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As part of an introductory economics class, Swiss students had the option to work in study groups with their peers. Behind the scenes, a researcher randomly assigned them to groups with different gender ratios. Something interesting happened when a female was the sole woman and the other three group members were men:  she was 10 percentage points more likely to drop the course. 

That’s what a University of Zurich graduate student found in an experiment conducted in 2018 and 2019 involving more than 600 college students and 150 study groups. Dropout rates are high at Swiss universities, where less-prepared students are typically weeded out during the first year, so women probably wouldn’t be dropping out of an introductory economics class in such high numbers here in the United States. Still, the finding that the gender composition of something as small as an optional study group can be important is provocative.

Xiaoyue Shan, the researcher who conducted the study, explained to me that the sole women were more likely to drop the economics course not only because  “they find it difficult to interact” with a group of male students but also because the women became “less confident about their academic ability” when they were surrounded by men.

Shan thinks her study could help women persist in male-dominated academic fields, from engineering and science to finance and math. She argues that professors and teaching assistants might purposely cluster women together in study and laboratory groups instead of spreading them evenly throughout a class, which relegates them to the minority. “Especially don’t put them into a group where they are the only woman,” said Shan. “That’s the worst.”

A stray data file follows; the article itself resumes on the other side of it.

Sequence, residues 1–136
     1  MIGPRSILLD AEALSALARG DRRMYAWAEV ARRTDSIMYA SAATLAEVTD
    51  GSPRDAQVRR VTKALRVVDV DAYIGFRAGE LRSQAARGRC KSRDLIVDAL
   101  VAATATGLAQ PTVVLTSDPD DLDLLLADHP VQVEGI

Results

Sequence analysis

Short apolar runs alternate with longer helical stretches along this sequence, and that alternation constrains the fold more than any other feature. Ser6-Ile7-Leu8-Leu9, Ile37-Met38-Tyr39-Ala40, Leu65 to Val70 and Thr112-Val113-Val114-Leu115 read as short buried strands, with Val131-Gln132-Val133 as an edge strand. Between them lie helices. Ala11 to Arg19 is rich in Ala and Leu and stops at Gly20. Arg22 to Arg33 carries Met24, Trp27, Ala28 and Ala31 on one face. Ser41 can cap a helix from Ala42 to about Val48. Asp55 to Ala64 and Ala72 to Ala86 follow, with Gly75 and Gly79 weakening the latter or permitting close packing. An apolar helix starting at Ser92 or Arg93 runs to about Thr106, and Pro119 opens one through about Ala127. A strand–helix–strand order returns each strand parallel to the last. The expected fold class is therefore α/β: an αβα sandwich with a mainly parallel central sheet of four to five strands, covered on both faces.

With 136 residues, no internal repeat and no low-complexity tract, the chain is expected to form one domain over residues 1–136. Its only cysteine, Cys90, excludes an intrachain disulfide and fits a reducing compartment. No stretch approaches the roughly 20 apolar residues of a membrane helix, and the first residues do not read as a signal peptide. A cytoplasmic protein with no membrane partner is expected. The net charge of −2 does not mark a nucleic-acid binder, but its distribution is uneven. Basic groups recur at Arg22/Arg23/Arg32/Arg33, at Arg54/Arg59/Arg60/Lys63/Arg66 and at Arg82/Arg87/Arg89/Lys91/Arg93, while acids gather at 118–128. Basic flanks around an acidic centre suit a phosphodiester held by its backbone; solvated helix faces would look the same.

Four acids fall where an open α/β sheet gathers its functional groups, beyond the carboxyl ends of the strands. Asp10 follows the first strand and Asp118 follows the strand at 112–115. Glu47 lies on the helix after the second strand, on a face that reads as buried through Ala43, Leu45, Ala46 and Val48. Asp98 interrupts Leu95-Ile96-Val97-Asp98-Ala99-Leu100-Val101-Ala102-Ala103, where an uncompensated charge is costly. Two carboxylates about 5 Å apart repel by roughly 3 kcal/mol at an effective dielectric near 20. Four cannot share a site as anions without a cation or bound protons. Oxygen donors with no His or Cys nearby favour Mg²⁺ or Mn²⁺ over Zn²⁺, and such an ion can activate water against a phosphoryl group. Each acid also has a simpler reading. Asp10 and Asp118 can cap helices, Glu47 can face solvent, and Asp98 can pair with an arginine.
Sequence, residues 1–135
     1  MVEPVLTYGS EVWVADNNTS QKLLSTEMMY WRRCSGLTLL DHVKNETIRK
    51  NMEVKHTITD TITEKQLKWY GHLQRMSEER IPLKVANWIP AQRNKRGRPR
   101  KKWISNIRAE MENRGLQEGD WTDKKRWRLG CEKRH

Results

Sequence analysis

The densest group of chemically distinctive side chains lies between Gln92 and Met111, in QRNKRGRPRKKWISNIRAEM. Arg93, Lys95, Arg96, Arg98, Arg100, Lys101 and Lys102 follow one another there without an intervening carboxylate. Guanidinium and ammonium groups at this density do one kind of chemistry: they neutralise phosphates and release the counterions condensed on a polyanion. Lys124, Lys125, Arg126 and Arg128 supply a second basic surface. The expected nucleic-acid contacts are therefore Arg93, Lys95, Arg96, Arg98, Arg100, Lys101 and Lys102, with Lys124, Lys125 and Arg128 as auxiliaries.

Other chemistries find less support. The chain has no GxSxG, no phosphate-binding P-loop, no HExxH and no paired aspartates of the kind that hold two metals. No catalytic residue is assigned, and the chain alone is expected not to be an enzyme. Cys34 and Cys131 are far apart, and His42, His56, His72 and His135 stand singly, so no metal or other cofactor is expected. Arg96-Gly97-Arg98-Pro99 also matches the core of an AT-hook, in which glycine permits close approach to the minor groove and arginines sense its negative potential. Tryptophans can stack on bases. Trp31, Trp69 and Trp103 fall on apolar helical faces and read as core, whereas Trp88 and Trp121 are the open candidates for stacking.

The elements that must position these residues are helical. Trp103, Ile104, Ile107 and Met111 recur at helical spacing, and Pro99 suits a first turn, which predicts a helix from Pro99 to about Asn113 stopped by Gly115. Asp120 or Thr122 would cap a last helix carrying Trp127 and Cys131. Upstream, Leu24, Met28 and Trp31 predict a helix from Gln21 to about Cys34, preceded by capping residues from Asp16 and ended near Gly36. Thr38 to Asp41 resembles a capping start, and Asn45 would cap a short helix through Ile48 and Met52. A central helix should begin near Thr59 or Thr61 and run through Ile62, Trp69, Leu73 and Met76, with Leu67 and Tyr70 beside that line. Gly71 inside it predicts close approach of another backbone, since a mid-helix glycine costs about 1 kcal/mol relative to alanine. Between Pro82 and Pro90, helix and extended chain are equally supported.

The study, “Does Minority Status Drive Women out of Male-Dominated Fields?,” is a working paper, which has not been peer reviewed, but it has generated a lively debate on Twitter in recent weeks. Some economists said the study was too small with only 50 women assigned to male-dominated groups to make such sweeping conclusions about the power of study groups. I would certainly want to see this study replicated before telling professors to re-engineer student groupings along gender lines.

However, the findings are in line with what other researchers are discovering about gender dynamics. For example, a Swedish research team found that women who were randomly assigned to male majority teams were less willing to become team leaders than women assigned to female majority teams. That study is slated to be published in a forthcoming issue of the Review of Economics and Statistics.  Another unpublished study by Brigham Young University researchers found that adding a single “token” woman to all-male groups in college accounting classes put the women at a disadvantage. And a July 2020 paper published in the American Economic Journal pointed to the power of female role models in encouraging women to major in male-dominated fields, such as economics.